A full room of professors, journalists, students and Marty Baron fans are waiting for the 17th Annual Kesterton: Spotlight On Journalism to begin. Twenty minutes until scheduled start.
Susan Harada (@SHarada3) opens the event with Spotlight's trailer. Allan Thompson (@ElectAllanT) introduces Marty and Robyn.
Baron says the move to the Globe was tough. Not knowing anyone in the office or city.
"It was a tense time for everyone. For me it was kind of a lonely time."
"I didn't decide to go after the Catholic Church, I decided to write a story."
"It was a journalistic impulse," says Baron on the investigation of the Church.
Baron read half a dozen books on Boston before his move. Says he was aware of the power and place the Church held in the city.
Baron speaks of his meeting with the Cardinal. Both fully aware of what was going on. Baron says he didn't want to bring up the investigation.
Says he admires people who we able to still keep their faith and instead were angry with the individuals involved.
"It emboldened a lot of news agencies around the world to do the same kind of work."
Baron addresses the difficulties and weak approach the Church took following the publishings.
Says Church is still to do anything other than hold discussion.
Bresnahan brings up audience reactions. Baron says the film's reception in Rome was the warmest reception they had received throughout the promotion process.
"I think we have the capacity in our news agencies. Our readers expect this of us."
RB: "Is investigative journalism just big papers?"
MB: "I don't think so. It's a matter of will."
"I'm a realist. I think realism should cause us to reflect on what our readers want from us. We know that people aren't going to be happy with us all the time. Ultimately, I think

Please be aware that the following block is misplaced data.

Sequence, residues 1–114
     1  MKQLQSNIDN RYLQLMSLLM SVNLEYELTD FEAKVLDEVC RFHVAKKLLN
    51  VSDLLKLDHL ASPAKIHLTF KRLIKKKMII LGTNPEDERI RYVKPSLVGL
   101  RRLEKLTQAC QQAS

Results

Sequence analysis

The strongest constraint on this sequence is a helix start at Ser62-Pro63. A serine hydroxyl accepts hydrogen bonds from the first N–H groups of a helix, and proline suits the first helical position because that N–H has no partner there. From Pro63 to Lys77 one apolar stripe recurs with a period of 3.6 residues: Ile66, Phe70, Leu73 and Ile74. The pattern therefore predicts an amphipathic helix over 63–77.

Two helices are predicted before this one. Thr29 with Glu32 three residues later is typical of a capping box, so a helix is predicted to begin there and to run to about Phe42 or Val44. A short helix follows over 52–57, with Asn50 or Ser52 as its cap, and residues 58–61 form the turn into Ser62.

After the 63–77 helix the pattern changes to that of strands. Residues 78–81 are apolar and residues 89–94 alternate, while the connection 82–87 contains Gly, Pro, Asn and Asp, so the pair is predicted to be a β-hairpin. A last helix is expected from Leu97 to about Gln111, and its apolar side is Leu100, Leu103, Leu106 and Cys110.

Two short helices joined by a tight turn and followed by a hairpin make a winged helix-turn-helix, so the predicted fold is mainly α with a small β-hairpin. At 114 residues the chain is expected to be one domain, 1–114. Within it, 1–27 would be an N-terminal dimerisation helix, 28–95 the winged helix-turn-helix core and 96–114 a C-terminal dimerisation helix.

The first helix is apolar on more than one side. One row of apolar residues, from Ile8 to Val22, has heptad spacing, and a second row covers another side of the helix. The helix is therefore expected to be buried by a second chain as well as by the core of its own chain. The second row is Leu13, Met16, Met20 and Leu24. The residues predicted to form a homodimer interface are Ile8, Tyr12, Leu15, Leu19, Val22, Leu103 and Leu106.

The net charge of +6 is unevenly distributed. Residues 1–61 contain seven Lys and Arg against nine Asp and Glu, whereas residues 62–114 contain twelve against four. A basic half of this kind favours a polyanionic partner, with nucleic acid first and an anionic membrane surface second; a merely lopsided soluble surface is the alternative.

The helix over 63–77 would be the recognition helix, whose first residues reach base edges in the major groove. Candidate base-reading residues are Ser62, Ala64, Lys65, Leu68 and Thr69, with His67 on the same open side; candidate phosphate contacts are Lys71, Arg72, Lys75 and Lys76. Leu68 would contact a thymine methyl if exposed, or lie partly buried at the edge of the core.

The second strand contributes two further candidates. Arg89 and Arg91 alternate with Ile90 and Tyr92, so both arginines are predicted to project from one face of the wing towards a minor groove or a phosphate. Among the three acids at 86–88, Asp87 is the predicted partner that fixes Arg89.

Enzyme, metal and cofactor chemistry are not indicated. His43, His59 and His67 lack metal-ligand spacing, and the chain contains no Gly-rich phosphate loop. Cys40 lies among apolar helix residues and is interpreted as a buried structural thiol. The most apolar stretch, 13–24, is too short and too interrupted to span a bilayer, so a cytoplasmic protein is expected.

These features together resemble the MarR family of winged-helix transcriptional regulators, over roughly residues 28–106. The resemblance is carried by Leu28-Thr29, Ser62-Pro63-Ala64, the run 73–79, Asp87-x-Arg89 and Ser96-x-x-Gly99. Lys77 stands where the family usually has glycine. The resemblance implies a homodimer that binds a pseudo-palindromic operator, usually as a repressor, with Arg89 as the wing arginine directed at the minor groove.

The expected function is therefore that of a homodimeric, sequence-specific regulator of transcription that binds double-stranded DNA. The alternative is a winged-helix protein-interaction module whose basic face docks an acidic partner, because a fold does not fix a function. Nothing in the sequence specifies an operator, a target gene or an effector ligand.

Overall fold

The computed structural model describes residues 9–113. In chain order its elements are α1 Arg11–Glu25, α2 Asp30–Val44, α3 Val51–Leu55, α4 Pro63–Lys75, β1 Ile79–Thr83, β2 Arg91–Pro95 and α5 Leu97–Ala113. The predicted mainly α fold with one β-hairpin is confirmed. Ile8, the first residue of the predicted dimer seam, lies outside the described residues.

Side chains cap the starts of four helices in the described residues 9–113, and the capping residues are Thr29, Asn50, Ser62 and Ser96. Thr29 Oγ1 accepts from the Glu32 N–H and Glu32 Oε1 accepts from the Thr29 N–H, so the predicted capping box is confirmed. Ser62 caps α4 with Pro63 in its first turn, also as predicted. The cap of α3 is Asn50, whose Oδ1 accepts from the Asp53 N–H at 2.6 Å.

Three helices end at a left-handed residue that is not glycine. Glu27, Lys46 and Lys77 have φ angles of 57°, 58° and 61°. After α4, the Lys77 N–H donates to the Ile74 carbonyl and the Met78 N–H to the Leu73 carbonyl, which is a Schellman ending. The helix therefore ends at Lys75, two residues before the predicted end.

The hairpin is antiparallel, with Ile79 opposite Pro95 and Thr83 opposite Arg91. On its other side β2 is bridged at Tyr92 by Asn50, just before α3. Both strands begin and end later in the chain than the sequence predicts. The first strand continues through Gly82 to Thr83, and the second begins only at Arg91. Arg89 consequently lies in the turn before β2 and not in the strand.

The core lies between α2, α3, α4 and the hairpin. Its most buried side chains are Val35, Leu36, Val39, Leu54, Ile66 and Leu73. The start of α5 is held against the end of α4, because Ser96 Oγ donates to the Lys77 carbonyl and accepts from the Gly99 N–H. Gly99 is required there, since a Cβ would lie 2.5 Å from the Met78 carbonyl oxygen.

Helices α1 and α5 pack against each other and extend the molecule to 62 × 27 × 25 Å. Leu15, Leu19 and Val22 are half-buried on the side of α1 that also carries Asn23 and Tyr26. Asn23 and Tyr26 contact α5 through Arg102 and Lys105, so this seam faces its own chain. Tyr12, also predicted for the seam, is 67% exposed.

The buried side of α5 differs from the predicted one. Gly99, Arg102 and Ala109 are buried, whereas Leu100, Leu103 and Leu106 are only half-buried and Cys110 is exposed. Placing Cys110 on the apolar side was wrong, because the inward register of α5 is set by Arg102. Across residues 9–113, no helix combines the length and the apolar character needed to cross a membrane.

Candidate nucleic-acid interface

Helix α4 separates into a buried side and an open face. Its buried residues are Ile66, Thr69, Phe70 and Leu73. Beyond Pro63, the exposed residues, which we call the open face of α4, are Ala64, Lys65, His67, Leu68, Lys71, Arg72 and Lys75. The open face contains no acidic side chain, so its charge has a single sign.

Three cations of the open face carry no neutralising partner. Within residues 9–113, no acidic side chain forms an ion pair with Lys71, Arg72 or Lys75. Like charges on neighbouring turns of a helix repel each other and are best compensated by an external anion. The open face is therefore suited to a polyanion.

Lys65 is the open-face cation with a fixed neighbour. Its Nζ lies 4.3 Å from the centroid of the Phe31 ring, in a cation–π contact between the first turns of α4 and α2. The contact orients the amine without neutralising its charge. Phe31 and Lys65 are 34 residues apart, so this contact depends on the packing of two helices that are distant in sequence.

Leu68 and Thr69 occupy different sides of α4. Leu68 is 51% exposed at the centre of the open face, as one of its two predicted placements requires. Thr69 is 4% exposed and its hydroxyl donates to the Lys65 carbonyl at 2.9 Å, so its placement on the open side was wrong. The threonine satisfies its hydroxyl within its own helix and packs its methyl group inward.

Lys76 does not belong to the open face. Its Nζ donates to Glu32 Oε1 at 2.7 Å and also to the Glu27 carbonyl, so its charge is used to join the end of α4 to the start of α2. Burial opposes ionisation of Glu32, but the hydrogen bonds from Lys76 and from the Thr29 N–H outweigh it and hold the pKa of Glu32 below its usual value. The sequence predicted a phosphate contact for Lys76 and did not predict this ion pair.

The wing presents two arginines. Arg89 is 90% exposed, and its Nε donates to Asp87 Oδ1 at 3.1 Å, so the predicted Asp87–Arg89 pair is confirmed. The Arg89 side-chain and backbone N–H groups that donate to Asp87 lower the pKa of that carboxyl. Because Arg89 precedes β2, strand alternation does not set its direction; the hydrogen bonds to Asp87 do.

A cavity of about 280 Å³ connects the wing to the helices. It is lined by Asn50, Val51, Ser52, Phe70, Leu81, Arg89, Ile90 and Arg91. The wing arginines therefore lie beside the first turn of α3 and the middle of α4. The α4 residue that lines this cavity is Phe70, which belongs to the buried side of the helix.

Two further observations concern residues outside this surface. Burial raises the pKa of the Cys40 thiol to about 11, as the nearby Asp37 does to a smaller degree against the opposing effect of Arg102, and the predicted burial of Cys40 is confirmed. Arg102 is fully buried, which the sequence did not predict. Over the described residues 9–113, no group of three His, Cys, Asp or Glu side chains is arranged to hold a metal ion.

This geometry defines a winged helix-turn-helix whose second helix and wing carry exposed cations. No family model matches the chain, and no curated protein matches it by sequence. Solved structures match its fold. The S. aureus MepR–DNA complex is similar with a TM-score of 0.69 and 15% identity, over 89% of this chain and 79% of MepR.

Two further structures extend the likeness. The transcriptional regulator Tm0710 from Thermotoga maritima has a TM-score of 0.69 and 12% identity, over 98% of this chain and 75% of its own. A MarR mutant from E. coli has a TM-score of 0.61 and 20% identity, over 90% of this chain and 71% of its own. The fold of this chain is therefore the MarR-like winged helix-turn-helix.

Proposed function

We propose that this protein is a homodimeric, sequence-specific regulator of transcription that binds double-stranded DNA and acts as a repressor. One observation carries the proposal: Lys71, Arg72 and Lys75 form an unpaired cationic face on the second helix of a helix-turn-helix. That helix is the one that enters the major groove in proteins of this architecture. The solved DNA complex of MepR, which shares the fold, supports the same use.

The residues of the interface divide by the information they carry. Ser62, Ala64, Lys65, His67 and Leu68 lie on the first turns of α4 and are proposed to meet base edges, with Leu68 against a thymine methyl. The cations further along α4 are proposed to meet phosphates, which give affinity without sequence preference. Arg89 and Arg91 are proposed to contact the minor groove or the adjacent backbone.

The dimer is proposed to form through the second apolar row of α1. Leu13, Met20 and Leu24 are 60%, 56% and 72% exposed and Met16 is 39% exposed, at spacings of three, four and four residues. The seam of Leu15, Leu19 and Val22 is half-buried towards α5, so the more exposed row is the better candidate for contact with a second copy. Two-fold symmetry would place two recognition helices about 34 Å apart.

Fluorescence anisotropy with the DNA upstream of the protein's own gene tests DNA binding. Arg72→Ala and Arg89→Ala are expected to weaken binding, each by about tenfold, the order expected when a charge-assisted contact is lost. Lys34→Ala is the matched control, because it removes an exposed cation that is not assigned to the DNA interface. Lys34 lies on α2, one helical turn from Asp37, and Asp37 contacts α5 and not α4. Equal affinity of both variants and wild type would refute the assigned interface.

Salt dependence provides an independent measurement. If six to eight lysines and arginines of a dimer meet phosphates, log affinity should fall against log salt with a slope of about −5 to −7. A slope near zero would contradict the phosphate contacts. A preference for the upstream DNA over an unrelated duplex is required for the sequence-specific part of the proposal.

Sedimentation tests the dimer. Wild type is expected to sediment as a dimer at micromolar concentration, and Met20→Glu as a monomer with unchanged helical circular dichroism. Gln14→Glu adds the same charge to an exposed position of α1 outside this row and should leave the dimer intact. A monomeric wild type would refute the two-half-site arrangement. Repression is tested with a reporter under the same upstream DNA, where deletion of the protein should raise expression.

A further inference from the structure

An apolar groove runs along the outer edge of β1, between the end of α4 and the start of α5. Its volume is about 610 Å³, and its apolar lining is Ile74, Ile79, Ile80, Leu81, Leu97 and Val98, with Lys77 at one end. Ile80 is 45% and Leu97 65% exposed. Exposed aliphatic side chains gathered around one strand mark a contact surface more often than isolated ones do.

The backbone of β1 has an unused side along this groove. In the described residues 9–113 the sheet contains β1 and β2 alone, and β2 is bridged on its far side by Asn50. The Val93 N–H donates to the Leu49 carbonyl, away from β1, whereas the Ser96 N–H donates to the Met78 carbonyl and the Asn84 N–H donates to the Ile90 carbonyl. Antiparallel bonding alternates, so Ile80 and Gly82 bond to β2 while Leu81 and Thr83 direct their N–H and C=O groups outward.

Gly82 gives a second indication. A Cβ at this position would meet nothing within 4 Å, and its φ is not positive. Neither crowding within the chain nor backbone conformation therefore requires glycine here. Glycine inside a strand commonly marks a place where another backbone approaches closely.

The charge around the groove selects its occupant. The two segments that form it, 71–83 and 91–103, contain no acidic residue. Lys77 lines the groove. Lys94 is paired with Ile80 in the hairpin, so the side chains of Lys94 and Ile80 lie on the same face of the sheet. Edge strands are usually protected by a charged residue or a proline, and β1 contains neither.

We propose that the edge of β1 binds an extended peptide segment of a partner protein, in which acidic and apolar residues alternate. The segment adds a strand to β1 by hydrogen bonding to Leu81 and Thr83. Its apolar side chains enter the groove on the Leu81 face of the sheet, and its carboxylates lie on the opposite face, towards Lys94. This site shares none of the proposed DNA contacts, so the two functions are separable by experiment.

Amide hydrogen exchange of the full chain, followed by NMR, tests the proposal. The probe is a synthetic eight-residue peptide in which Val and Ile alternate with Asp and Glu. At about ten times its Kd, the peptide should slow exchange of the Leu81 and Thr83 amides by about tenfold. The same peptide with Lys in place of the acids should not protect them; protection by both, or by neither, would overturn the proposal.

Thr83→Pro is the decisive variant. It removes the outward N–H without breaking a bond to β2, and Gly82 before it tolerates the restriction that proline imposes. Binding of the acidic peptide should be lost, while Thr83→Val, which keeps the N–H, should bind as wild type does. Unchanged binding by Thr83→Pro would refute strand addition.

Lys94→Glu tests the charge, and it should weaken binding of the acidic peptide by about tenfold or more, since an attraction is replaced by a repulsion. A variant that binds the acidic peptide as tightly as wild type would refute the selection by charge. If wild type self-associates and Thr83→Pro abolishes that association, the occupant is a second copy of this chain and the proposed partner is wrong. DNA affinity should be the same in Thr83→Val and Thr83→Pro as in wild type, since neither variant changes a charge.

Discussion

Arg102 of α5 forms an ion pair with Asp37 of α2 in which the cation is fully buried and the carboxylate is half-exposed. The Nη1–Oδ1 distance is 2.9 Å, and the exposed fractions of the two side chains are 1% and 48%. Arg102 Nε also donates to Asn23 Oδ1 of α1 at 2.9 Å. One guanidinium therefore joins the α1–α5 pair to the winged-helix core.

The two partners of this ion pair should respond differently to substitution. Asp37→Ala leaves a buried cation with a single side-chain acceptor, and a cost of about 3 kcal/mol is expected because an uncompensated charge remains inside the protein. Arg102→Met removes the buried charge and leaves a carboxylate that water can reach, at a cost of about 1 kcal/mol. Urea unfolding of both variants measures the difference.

people want us to tell the truth."
Baron says how Spotlight Team has grown to six people since investment in investigative journalism.
Of all things.."resting b*tch face" has become a topic of discussion.
"I hope I don't have that," says Baron as he jokes with Bresnahan.
Bresnahan asks about new media.
Baron says it's reality and that the numbers on online readers show where everyone is.
"In order to succeed we have to learn some new things."
"It doesn't mean we have to give up our principles. But we have to understand how communications work today."
RB: "Who is your competition?"
Baron lists Facebook, Google, Twitter and other platforms that can sell ads and profile their users. Says they suck up a lot of advertisers and readers.
Bresnahan brings up journalism job cuts.
"There is no one thing that will save newspapers," says Baron.
"We're always looking for the moonshot that will get us to our goal. We need to try a lot of different things."
"I suggest we stop looking for the moonshot."
Crowd erupts in applause as Bresnahan thanks Baron for the conversation. Floor opens up to those in attendance.
Question: "Is there an investigative story you started and never saw the light of day."
Baron says they invested a lot into an election story but eventually had to drop it based on inaccuracy.
Says he can't say what it was..
Question on the film and romanticizing investigations.
Baron says he hopes it showed all the hard work as opposed to just the end result.
Hope that Spotlight causes people to rededicate themselves and shows other the value of investigative journalism.
"There was a lot I learned from this movie," says Baron. Spotlight gave him the chance to go back and see how everything unfolded.
Question on finding more "Snowden" types.
"We will find out. At some point there will be somebody else, but they might not have the same impact."